This time I had a 2 hour notice that I had to get from Toronto to Southern California. (Last time I got maybe 20 hrs.) It took me a half hour to figure out how to book  ticket while in a state of shock. (Definitely, on-line. Definitely don’t pay attention to prices.) Signed, sealed, delivered, checked in, bag paid for, boarding pass printed. Now what to pack?

I had made the same trip under more relaxed conditions, in early May, four weeks earlier. No problem, pack what I took then.

I dragged the purple suitcase out of the back of the long narrow cupboard. I set it on the blanket box at the foot of the bed, opened it and began flinging clothes at it. I had to be at the airport at 6 p.m. It was 5. Okay, this isn’t working.

I phoned Blake, my ex-husband. He knew he would have to drive me to the airport already. I said, “You have to come now,” I can’t think. He was with his young female friend. Let’s call her Noreen. “As soon as he could,” he said. They were caught in traffic. I kept flinging clothes. Breaking off now and then to empty the fridge, tie up the garbage, unplug the fountains. Forget the timer for the lights. I could cancel the papers once I got there. I was a whirling dervish.

5:20, they arrived.

“Joyce, this is Noreen” etc. I had heard a lot about Noreen. She seemed amiable enough.

“Can you two roll all this stuff up tightly and pack it.” The first time I’d met her and she was rolling my underwear.

I was stuffing toiletries into a plastic bag. When they finished, I put the dresses, etc. into the top compartment where they stood a small chance of not getting wrinkled.

They dropped me at Pearson International airport at 6:15. Noreen helped me put the bags on a cart and hugged me goodbye. Big surprise. No crowds. I self-served all the way through baggage check, customs, immigration, baggage loading – a nice Jamaician man lifted my bag onto the belt and sang me a song of his own devising- and finally, that metaphysical hurdle, security check, to arrive in good time at the gate for an 8:15 departure.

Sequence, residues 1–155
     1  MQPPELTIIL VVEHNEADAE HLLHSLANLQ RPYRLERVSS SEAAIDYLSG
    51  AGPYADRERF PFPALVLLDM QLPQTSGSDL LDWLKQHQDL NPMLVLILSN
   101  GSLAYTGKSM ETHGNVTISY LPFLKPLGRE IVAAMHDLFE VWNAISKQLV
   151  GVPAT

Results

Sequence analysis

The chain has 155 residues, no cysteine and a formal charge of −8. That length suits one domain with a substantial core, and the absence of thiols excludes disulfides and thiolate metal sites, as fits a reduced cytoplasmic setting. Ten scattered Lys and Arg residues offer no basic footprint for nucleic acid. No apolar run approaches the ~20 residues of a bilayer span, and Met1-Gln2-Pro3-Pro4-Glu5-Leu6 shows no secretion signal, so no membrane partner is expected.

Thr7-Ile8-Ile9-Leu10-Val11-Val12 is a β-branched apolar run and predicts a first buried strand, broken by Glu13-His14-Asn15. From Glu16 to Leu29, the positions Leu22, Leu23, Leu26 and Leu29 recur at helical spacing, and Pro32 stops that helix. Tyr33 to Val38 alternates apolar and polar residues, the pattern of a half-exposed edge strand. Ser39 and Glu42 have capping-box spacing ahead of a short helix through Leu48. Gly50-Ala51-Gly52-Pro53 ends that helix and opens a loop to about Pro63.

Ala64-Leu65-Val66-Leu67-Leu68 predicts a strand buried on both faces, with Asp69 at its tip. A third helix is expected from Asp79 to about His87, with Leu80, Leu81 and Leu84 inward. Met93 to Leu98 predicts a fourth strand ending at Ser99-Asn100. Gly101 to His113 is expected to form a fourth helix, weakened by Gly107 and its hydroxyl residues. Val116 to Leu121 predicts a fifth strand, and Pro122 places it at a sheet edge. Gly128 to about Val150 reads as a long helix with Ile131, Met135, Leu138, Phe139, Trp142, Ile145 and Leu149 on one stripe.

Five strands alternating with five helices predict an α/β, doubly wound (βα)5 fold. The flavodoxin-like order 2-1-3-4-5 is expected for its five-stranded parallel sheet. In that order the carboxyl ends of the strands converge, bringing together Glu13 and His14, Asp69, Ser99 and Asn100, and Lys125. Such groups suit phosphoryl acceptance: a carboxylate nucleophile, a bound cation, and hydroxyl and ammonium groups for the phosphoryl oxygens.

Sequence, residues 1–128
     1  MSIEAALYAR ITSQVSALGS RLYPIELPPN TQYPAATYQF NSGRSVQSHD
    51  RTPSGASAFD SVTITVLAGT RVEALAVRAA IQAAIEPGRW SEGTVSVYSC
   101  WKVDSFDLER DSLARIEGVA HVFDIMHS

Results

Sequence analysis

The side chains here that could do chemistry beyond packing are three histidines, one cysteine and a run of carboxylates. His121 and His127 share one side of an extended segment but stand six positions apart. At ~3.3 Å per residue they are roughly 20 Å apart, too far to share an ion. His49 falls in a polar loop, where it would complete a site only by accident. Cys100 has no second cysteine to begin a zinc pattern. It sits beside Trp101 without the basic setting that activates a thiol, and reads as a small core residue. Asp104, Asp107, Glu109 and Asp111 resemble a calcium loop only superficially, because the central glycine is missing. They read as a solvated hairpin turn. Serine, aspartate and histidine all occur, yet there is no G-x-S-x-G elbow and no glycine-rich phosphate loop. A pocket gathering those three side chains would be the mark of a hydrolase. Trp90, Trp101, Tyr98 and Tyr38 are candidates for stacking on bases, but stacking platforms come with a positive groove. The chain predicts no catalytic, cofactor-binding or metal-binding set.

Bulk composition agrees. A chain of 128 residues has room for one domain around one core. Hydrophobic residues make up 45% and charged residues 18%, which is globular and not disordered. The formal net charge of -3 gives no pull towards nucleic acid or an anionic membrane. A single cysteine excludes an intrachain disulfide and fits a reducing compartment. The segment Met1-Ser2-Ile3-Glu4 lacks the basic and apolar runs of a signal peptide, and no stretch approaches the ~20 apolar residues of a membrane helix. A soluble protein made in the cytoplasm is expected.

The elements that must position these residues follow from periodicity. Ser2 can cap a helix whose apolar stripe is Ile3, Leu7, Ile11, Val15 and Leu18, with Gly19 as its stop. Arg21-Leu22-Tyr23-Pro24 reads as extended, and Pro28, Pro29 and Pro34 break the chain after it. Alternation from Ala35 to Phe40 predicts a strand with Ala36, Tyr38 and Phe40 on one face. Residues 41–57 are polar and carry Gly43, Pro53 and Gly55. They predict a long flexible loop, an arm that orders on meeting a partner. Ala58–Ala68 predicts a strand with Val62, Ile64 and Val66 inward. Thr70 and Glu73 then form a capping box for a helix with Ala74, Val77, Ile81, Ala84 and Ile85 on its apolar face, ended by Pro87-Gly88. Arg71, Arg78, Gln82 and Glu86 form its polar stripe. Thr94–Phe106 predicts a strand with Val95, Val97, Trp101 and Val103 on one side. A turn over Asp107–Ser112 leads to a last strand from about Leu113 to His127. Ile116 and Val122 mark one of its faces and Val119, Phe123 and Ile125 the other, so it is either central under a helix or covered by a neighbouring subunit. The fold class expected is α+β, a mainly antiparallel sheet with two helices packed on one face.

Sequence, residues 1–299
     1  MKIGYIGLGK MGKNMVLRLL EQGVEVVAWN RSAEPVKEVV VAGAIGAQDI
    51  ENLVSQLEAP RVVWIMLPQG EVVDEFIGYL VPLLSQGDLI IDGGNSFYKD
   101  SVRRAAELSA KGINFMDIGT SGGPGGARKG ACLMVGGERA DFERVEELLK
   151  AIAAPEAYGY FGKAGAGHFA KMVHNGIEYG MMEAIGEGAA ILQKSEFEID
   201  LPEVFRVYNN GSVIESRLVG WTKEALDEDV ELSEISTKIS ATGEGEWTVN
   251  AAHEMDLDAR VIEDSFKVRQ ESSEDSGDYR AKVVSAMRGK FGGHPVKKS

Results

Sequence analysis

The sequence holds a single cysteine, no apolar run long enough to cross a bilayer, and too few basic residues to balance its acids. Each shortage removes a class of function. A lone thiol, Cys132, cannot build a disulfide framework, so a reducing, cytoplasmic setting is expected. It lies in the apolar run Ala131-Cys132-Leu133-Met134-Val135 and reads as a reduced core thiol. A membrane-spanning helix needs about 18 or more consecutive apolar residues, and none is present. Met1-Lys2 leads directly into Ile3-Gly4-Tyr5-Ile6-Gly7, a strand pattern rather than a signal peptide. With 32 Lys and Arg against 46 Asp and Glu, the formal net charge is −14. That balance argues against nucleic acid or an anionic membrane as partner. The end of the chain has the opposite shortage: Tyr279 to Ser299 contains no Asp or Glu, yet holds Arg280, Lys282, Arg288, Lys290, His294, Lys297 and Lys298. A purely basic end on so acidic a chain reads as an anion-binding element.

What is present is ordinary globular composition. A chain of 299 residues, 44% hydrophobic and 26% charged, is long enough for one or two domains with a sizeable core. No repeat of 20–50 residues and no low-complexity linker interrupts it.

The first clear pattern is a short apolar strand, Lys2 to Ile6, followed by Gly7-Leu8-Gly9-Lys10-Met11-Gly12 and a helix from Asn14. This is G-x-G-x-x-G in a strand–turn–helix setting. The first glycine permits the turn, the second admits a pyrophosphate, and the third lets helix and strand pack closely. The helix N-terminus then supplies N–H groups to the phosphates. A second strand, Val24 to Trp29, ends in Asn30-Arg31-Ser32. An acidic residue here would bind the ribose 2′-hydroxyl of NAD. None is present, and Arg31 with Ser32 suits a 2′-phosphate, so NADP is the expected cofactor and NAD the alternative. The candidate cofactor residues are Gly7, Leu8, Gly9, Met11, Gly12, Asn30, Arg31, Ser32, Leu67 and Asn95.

I forgot to mention the stop at the exchange counter. I have several hundred untouchable U.S. dollars in the bank, untouchable unless I present myself at the bank counter to claim them. I paid $138 Cdn for $100 US.

Fine.

At the first of June, on the mountain, north of Los Angeles, I survey my suitcase. What a difference a month makes! 24 times 31 little hours! It is hot, even at 5000 feet.

The grey wool suit, however light, is a non-starter. The tights will work on cold mornings or for midnight trysts. The desert cools down at night, especially at altitude. I have one t-shirt. No problem, here are 3 t-shirts from my male host. They should work. No shorts. Not even any capris or clam diggers. Well, here are 3 dresses and a wrap-around skirt that my size 2 hostess can give me. I am a size 14, but by some miracle, these are loose and flowing – on her. On me, not so much. I have brought the top of my bathing suit but not the bottom. (You should have some fun even in the middle of an emergency.) You know how they always say, “You can buy what you need when you get there.” They weren’t talking about the wilds of Kern County, but it is true in this one case. I find myself in Bakersfield and  buy a black bottom in Walmart. No sandals. No problem. I order some from Birkenstocks. I do not upgrade the shipping. Two weeks later I try to track the package. It has just been accepted by the mail service. In China. I pull out the silky tank top. It’s not the plain, soft one. It’s covered with glittery bits of plastic, like scales. I bought it for a costume.

Everyday, I discover new left-behinds: the list of my passwords for example. And no one will believe that I know my mother’s maiden name.

Bell has handed my cell coverage over to AT&T. The mountain is served only by Verizon. I send pleading texts from other people’s phones: please water the plant, did my parcel from Amazon come? Have they stopped paper delivery?

I can get most websites on my computer up here, but not my bank’s. I am reduced to telephone banking. How 90s!

They say that new experiences keep the aging brain young. I figure mine has dialed back to 17.